Due to the hierarchical nature of our data—respondents are nested in municipalities and in metropolitan areas—we use linear multilevel regression models with random intercepts (Hox 2010). Respondents constitute the lower level in our analysis, whereas municipalities constitute the higher level. Given the limited number of metropolitan areas, we cannot incorporate a third level in our multilevel model. Therefore, we include metropolitan-area fixed effects to account for variation in the dependent variables across metropolitan areas. Random effects ANOVAs with municipalities, metropolitan areas, or countries as level-2 show that variation (intra-class correlation) in the dependent variable exists mostly at the level of the municipality, and less so at the level of the metropolitan area or the country (see Table C.5 in Online Appendix C). This suggests that two respondents living in the same municipality are more alike than two respondents living in different municipalities, but that differences between respondents from different metropolitan areas and countries are not necessarily more pronounced than differences between respondents from the same metropolitan area or country. Respondents with missing values for dependent or independent variables are deleted listwise from the regression models.

Local autonomy versus inter-local cooperation

The three hypotheses formulated in Sect. 2 postulate that citizens with stronger local ties, stronger local identification and a preference for TAN parties favour local autonomy, while those with weaker local ties, weak local identification, and a preference for GAL parties favour local cooperation.

To ease interpretation, we use coefficient plots to illustrate the findings for our hypotheses (Fig. 3). The presented coefficients are taken from the full model (see Table C.6 and C.7 in Online Appendix C). Figure 3 shows the results for the three sets of hypotheses. The results for the local ties’ indicators do not support our hypotheses. We do not find longer term residents and local association members to be more supportive of local autonomy and, contrary to our expectations, homeowners are less and not more supportive of local autonomy. The only result that is in line with our expectation for local ties is that frequent commuters are less supportive of local autonomy than less mobile individuals. With respect to support for inter-local cooperation, we do not find any differences depending on residence duration, homeownership, or commuting frequency. Against our hypothesis, we find that local association members are more and not less supportive of inter-local cooperation. This difference amounts to .04 on the inter-local cooperation scale. In the light of these results, we reject hypothesis H1a and H1b.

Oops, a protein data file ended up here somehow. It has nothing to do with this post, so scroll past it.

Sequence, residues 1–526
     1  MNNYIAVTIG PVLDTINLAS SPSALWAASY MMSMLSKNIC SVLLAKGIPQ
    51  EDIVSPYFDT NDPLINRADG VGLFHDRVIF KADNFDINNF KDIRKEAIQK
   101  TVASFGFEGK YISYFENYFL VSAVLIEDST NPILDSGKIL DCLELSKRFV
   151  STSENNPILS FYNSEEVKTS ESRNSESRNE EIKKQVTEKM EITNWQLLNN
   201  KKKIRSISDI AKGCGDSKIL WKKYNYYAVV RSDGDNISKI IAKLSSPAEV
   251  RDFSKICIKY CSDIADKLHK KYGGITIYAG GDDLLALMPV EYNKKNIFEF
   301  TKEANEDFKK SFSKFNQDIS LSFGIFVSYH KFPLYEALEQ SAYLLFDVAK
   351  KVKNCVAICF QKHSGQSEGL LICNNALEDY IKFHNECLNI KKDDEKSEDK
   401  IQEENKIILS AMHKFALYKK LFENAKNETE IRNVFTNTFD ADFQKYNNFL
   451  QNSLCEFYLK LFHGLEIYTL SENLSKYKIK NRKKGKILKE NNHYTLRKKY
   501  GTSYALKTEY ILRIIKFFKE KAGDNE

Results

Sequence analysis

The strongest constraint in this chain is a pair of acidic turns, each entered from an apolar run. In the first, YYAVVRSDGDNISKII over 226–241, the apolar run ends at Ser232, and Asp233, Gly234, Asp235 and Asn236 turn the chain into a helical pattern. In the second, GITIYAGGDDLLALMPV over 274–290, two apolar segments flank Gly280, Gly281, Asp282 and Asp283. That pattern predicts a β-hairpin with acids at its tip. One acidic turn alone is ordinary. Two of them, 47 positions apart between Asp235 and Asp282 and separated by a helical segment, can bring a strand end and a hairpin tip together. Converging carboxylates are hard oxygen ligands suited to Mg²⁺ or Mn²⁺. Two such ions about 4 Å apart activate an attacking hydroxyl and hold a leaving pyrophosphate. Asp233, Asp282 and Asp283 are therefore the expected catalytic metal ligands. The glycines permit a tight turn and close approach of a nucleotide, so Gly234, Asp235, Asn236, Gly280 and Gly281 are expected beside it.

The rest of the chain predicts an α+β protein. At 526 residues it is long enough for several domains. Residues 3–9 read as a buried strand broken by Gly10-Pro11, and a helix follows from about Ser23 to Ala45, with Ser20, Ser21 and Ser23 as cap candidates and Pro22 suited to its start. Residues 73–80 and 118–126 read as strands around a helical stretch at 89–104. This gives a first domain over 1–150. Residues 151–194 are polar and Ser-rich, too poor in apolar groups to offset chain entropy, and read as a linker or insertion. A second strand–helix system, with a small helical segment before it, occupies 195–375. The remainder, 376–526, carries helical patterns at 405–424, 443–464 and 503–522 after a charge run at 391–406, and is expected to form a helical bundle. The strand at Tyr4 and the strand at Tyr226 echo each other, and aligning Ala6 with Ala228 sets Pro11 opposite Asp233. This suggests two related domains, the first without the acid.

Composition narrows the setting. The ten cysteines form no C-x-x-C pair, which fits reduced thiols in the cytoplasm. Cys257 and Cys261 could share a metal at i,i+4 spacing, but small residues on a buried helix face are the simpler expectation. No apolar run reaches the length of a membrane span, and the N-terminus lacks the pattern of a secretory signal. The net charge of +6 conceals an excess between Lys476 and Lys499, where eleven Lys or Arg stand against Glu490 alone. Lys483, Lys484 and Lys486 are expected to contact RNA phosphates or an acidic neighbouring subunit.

Fig. 3
figure 3

Main results

Turning to the second set of hypotheses we do not find that citizens with a stronger relative attachment to the local level are more supportive of local autonomy or less supportive of local cooperation. While there is a tendency for those with higher relative local attachment to support local autonomy and oppose inter-local cooperation, these coefficients are not statistically significant at the 95% threshold.Footnote 13

For the third set of hypotheses we find, first, that TAN supporters are indeed more favourable of local autonomy and more opposed to local cooperation, lending support to both hypotheses H3a and H3c. The substantive effects are also not negligible. TAN supporters rank .05 points higher on the local autonomy scale, and .06 points lower on the local cooperation scale than the baseline group of people supporting no or other parties.

By contrast, we do not find GAL supporters to be less supportive of local autonomy than the baseline which is in line with H3b. If we take a more detailed look at the results for the individual local autonomy items, an interesting pattern emerges. GAL supporters—like TAN supporters—believe that local interest representation is superior to national interest representation (Figure C.2), but they are opposed to the idea of local governments collecting their own taxes. This is perfectly in line with green and left ideology as outlined in the theoretical argument. Local interest representation emphasizes the grassroots component whereas national tax collection represents support for ‘big government’, equality, and redistribution. For inter-local cooperation, we also find the expected pattern: GAL party supporters, are more in favour of local cooperation than the baseline group—corroborating H3d. This effect is also rather substantive. GAL partisans are placed .034 points higher on the local cooperation scale. The main difference between TAN and GAL partisans thus seems to lie in their position on local cooperation. This mirrors the situation at the national level, where these two groups are positioned on opposite ends of the demarcation–integration cleavage with respect to international cooperation and integration (Kriesi et al. 2008; Hooghe and Marks 2018).